Week In Review: Manufacturing, Test


Fab tools, packaging/test VLSI Research has released its 200mm wafer fab equipment (WFE) market share figures for 2019. The top three suppliers--Applied Materials, TEL, and ASML—saw growth in the 2019 200mm WFE business. Lam Research was in fourth place, followed by KLA and Canon. In total, 200mm wafer fab equipment sales were $3.6 billion in 2019, declining 5% from 2018, according to the fi... » read more

Week In Review: Manufacturing, Test


Fab tools Citing the outbreak of the coronavirus in China, SEMI has postponed Semicon/FPD China 2020 and related events originally scheduled for March 18-20, 2020. For the same reason, SEMI will no longer host Semicon Korea 2020 in Seoul, South Korea, February 5-7, as originally scheduled. ------------------------------- Veeco has introduced the new Lumina Metal Organic Chemical Vapor De... » read more

Power/Performance Bits: July 15


Liquefied gas electrolyte Researchers at UC San Diego, U.S. Army Research Laboratory, and South 8 Technologies developed an electrolyte that could enable the replacement of the graphite anode in lithium-ion batteries with lithium-metal. Such a change would increase energy density 50% at the cell level, making for lighter batteries with more capacity. However, lithium-metal anodes are not compa... » read more

Week In Review: Manufacturing, Test


Market research What’s the CapEx outlook for 2020? Semiconductor capital spending is down in 2019, but the industry faces another slump in 2020, according to IC Insights. The firm sees a 15% decline in CapEx for 2019 with a 5% drop expected in 2020. New 300mm fab construction in Korea is still going strong despite the memory downturn, according to SEMI. “Korea’s fab construction spen... » read more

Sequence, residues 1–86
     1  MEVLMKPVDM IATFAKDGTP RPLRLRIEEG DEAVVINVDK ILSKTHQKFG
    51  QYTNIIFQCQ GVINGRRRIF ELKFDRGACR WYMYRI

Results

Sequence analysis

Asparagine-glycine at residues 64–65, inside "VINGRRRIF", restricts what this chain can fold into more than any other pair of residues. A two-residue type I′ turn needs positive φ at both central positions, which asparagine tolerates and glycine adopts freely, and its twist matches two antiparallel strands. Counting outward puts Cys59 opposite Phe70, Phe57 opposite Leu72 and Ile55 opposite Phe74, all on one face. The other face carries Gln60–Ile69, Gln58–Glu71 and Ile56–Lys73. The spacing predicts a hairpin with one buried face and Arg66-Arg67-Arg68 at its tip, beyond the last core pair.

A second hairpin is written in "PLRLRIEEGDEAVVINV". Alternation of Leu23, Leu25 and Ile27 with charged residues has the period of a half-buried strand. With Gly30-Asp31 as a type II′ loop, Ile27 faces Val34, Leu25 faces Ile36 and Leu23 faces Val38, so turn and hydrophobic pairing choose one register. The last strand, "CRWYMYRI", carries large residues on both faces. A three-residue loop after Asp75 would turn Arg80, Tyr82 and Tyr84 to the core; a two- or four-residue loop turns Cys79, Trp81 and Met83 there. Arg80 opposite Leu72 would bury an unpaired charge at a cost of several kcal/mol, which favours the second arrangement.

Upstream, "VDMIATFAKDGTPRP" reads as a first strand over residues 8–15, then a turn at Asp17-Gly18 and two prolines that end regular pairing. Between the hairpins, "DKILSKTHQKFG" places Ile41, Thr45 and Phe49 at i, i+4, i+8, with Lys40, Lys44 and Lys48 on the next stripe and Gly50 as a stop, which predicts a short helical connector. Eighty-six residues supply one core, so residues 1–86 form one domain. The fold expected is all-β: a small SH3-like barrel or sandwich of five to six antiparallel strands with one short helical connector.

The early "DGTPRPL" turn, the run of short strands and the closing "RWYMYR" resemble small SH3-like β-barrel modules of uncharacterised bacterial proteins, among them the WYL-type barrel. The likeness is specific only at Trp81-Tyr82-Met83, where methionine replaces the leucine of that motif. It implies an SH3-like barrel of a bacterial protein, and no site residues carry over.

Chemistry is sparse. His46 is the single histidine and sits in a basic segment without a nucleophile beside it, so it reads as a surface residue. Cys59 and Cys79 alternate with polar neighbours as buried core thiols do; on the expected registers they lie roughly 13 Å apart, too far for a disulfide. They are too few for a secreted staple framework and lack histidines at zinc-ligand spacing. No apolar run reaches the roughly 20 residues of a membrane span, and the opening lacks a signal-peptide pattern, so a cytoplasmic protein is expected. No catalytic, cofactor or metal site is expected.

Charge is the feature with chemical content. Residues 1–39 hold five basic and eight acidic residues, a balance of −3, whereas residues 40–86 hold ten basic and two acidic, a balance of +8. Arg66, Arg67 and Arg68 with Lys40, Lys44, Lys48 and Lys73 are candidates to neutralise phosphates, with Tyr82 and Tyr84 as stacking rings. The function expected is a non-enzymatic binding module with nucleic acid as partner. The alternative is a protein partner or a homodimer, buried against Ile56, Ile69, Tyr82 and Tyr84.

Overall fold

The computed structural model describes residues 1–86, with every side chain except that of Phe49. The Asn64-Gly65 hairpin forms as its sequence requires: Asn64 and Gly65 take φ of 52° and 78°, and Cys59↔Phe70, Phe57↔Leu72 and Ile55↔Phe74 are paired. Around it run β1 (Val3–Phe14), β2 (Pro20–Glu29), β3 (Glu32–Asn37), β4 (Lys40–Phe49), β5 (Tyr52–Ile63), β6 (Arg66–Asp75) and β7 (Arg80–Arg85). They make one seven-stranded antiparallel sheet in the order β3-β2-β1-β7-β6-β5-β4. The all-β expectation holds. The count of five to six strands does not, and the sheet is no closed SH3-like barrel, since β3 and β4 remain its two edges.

Week In Review: Manufacturing, Test


Chipmakers and OEMs Diamond semiconductor IP vendor AKHAN Semiconductor is cooperating with a U.S. federal investigation into alleged theft of its intellectual property by China’s Huawei. When AKHAN agreed to send its proprietary technology to Huawei pursuant to an agreement, AKHAN “believes that Huawei destroyed our product, shipped it to China without authorization, subjected it to tests... » read more

Manufacturing Bits: May 1


Adaptive materials The U.S. Army Research Laboratory (ARL) and the University of Maryland have developed a technique to make adaptive materials. Using ultraviolet light, researchers have devised a way that causes a composite material to become stiffer and stronger on-demand. This in turn could enable a variety of new capabilities for the U.S. military, such as rotorcraft design. In this... » read more

Power/Performance Bits: Sept. 12


Water-based li-ion battery Researchers at the University of Maryland and the U.S. Army Research Laboratory developed a lithium-ion battery that uses a water-salt solution as its electrolyte and reaches the 4.0 volt mark desired for household electronics, without the fire and explosive risks associated with some commercially available non-aqueous lithium-ion batteries. The battery provides i... » read more

Manufacturing Bits: Jan. 3


3D printed military drones The U.S. Army Research Laboratory has begun testing 3D printed drones for use in on-demand military missions. The technology, called the On-Demand Small Unmanned Aircraft System (ODSUAS), enables a soldier to input the mission requirements in software. Then, a 3D printer devises the optimal configuration for an unmanned aerial vehicle. And it’s printed and deliv... » read more

The Week In Review: Manufacturing


Chipmakers Samsung Electronics has unveiled its newest memory card globally–the EVO Plus 256GB microSD card. Based on Samsung’s 3D NAND technology, the EVO Plus 256-GB offers the highest capacity for a microSD card in its class. Consumers can now record up to 12 hours of 4K UHD video or 33 hours of Full HD video on their mobile device or action camera without needing to change or replace t... » read more

Power/Performance Bits: Nov. 25


Insect robots on the water Taking inspiration from water beetles and other swimming insects, academics at the Bristol Robotics Laboratory have developed the "Row-bot," a robot that thrives in dirty water. The Row-bot mimics the way that one aquatic insect, the water boatman, moves and the way that it feeds on rich organic matter in the dirty water it swims in. The Row-bot project aims to ... » read more